Wednesday, July 23, 2008

The Rationalization of the Life Course

Massimo Livi-Bacci's The Concise History of World Population talks about the "demographic transition" in modern societies, as all studies of population do. In pre-modern societies, most families had many children because quite a few of them would die before reaching adulthood. It was also common for women to die in childbirth, and the fathers to die before their children reached maturity. High fertility made sense in a world of high and uncertain mortality.

Modern societies made huge improvements in diet, sanitation, and, later in medicine. These improvements reduced deaths from infectious diseases, especially for children. As a result, the mortality rate at young ages went down, and life expectancy went up significantly. For a time, societies kept having lots of kids, but fewer of them died young. Thus, the population boomed. After a generation or so, culture caught up with the new facts of life, and people had fewer kids. The transition from high fertility/high mortality to low fertility/low mortality was complete.

All the rich societies made this transition a long time ago. Most poor societies are making this transition now. The massive population explosion of the 20th century is leveling off.

What interested me most about this familiar story was a second point that Livi-Bacci noted. Modern societies don't just live longer, they live more reliably. Modern societies have a more predictable life course. Not only is there a standard path (or several standard paths for different classes), but ordinary people were much more likely to actually live out that standard path.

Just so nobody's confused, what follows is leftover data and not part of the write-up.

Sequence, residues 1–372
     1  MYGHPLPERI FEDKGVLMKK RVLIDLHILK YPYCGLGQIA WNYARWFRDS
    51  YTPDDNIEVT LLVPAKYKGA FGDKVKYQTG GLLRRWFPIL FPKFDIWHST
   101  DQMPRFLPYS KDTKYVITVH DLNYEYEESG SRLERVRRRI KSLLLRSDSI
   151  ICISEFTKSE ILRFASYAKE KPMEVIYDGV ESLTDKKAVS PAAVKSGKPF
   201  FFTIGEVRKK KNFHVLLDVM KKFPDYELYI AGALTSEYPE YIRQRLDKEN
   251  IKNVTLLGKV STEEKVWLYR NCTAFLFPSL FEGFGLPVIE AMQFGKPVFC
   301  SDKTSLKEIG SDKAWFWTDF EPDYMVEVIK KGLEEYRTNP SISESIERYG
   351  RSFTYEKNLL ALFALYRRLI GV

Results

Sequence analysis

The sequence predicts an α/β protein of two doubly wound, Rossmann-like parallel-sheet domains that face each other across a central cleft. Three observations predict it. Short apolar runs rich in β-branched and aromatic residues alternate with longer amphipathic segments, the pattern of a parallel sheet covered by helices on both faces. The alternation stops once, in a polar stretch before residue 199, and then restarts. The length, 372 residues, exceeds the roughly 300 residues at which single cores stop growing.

The bedrock idea of Max Weber's sociology is that modern society has rationalized the world, has taken the disparate, organic, messy ways that people here and there did things and re-ordered them according to a rule. Weber famously connected the rationalization of religious life with the rationalization of economic life. Similar studies have been done about modern political rationalization, and rationalization in other cultural spheres, most notably in science.

What I saw in reading Livi-Bacci is that the modern world also rationalized the life course itself. When parents can expect their children to live, and can expect to live long enough themselves to see their grandchildren, their entire approach to life is changed. Hard work, savings, investment, planning, building up the rest of the social order all make more sense if most people can count on living out a rationalized life course.

And that is the greatest demographic transition of all.

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